The Greater Chennai Corporation has registered a decrease in the number of beneficiaries who received COVID-19 vaccination on the second day of the immunisation programme.
The number of beneficiaries reduced from 568 on Saturday to 437 on Sunday at the 12 centres in the city, seeing a 14% decline in numbers.
Officials made arrangements to vaccinate at least 100 persons in each centre every day. But some of the 12 centres registered less than 10 beneficiaries on Sunday. The Porur urban community health centre registered just seven. The Institute for Obstetrics and Gynaecology registered eight, compared with the 70 on Saturday.
Most beneficiaries visited in the morning, with the 12 centres registering 274 beneficiaries at 1 p.m. After that, many centres registered less than 10 visitors. Between 1 p.m. and 6 p.m. on Sunday, no one visited three of the 12 centres.
58.4% covered on second day of vaccination in Karnataka
On the second day of the vaccination drive that was conducted in 63 vaccine session sites in Bengaluru Urban and one site in Udupi, the State achieved an overall coverage of 58.4%. While Udupi recorded 40% coverage, Bengaluru Urban recorded 57.7% coverage.
On the first day on Saturday, the State had achieved nearly 62%. Health and Medical Education Minister K. Sudhakar said vaccination would continue in more centres from Monday onwards.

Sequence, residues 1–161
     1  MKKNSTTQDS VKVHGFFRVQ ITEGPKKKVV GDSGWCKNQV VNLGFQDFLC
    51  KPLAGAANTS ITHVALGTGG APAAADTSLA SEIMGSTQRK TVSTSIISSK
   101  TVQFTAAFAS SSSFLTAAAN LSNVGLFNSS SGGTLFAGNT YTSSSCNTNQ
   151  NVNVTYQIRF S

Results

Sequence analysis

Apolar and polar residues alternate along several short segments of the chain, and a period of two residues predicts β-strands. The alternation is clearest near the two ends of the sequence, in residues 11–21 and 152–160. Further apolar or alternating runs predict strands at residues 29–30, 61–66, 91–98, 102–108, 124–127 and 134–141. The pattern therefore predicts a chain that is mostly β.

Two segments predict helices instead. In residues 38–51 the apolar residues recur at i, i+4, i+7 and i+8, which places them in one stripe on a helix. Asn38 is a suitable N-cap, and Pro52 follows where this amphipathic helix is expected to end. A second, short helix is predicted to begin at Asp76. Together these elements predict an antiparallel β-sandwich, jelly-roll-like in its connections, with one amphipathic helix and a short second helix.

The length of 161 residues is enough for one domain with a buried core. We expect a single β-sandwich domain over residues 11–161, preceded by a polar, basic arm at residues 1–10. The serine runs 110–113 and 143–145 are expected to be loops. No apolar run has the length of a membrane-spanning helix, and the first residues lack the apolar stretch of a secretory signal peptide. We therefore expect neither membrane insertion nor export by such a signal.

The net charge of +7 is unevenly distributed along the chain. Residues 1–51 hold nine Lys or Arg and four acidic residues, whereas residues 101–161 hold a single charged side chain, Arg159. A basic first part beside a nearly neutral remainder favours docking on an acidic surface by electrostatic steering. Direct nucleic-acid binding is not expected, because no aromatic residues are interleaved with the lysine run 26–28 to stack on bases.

Speaking to presspersons after visiting the programme at Manipal Hospitals in Bengaluru on Sunday, where 4,055 healthcare workers were targeted to be covered at 41 sites, the Minister said the second phase of vaccination in the State will start only after both the doses are administered to targeted healthcare workers. The first will be given to all healthcare workers in the next ten days, he said.
13,041 persons turn up to get the jab on Day 2 in A.P.
Only 47.8% beneficiaries who had registered themselves for vaccination against COVID-19 received the vaccine on the second day at 308 session sites across the State as of 8.30 p.m. on Sunday, the Health Department said.
Officials planned to vaccinate 27,009 beneficiaries at 312 session sites, but only 13,041 of them received the shots. The remaining did not turn up due to various reasons.